Two ex-theater critics, sitting around having coffee

Former theater writer Mark Collins has gone from critical to presidential in square product theatre’s “44 Plays for 44 Presidents.”


By John Moore

Oct. 19, 2012

For 10 years, Mark Collins was one of the leading critical voices in the Denver/Boulder theater community, combining a compassionate eye for the art of making theater with an opinion backed by a master’s degree. As a freelance contributor to the Boulder Daily Camera, Collins was always understated and well-informed.

In April, Collins wrote one of his most memorable essays, one explaining the transformative experience he had returning to the stage after a 15-year absence. He appeared in a friend’s play in Virginia, which inspired his thoughts on reconnecting with that strange alchemy that first attracted all of us to the stage.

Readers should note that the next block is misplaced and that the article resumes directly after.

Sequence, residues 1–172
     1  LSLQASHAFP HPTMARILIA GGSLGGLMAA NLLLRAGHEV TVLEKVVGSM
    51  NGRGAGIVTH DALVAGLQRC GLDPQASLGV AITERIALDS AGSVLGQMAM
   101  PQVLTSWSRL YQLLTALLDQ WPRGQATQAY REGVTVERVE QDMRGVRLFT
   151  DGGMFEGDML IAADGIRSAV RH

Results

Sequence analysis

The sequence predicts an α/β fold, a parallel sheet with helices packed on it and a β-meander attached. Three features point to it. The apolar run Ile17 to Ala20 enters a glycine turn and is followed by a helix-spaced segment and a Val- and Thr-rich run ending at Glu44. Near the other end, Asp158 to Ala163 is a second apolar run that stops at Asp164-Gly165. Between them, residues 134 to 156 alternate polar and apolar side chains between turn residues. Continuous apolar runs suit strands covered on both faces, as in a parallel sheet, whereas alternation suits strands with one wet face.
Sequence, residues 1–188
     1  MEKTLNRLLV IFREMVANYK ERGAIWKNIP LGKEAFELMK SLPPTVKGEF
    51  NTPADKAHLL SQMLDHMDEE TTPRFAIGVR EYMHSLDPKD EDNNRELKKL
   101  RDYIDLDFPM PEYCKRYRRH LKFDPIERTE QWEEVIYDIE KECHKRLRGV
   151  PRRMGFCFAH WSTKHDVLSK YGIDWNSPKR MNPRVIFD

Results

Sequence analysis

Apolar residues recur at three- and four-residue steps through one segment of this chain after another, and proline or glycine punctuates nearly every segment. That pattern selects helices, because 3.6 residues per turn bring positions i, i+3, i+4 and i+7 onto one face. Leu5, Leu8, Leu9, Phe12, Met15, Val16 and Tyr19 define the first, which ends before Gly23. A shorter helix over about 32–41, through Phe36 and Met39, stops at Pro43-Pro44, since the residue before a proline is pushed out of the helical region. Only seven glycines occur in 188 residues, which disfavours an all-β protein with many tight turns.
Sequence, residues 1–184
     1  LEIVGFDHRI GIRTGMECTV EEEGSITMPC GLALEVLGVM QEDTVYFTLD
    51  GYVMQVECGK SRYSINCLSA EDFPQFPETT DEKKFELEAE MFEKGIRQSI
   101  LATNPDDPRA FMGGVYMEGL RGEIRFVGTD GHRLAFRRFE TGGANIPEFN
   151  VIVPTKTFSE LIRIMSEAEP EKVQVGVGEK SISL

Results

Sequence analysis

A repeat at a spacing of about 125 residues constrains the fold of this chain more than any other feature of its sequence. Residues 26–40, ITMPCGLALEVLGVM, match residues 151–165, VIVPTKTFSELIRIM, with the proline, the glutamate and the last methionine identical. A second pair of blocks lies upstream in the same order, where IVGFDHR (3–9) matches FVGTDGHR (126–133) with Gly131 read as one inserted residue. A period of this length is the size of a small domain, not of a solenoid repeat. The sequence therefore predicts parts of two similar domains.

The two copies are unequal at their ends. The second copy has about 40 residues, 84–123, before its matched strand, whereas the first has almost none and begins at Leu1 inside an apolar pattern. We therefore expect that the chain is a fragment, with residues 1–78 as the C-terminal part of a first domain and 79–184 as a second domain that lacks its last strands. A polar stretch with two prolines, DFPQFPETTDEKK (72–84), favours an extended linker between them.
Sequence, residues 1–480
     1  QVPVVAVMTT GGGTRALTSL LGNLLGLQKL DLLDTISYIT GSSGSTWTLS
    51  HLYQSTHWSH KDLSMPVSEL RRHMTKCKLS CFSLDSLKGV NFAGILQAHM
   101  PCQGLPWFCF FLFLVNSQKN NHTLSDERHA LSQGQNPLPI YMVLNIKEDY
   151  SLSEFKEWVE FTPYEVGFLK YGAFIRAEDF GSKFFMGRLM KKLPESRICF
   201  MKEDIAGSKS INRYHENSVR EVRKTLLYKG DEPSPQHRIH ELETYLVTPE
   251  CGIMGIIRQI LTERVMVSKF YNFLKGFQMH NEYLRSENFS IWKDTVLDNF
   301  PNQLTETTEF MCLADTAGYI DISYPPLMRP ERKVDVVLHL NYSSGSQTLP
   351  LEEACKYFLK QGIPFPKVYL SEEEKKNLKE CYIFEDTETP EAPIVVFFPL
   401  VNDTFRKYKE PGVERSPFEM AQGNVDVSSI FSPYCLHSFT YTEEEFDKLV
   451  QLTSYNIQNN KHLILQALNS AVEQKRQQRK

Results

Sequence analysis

The experience was so profound that a few months later, Collins did something extraordinary: He walked way from the Camera to pursue acting here in Colorado on a regular basis. He started with an appearance in Theatre Company of Lafayette’s new-play festival,  “Comic Con con Comedy.”

Tonight (Oct. 19), Collins opens the ensemble-driven political comedy “44 Plays for 44 Presidents” for the lower-cased square product theatre company at the Dairy Center in Boulder. This rapid-fire biographical survey of each of the 44 men who have been president so far is described as a comic antidote to all the campaign negativity that hangs over the nation like a brown cloud.

As a contemporary of Collins’ who also recently – some would say inexplicably – walked away from my job as a theater critic, I was eager to talk with Collins and compare notes about “crossing over.” Just as some believe in an afterlife that will be as varied as heaven, hell and the Elysian Fields, I suspect we, too, have crossed over into very different critical afterlives.